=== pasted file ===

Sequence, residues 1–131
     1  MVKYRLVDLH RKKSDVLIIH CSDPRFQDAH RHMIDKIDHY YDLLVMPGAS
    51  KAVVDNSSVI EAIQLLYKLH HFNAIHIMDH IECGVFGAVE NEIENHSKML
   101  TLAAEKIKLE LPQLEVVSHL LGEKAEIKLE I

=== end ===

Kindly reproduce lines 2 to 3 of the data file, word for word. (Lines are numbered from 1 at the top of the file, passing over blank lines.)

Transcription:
     1  MVKYRLVDLH RKKSDVLIIH CSDPRFQDAH RHMIDKIDHY YDLLVMPGAS
    51  KAVVDNSSVI EAIQLLYKLH HFNAIHIMDH IECGVFGAVE NEIENHSKML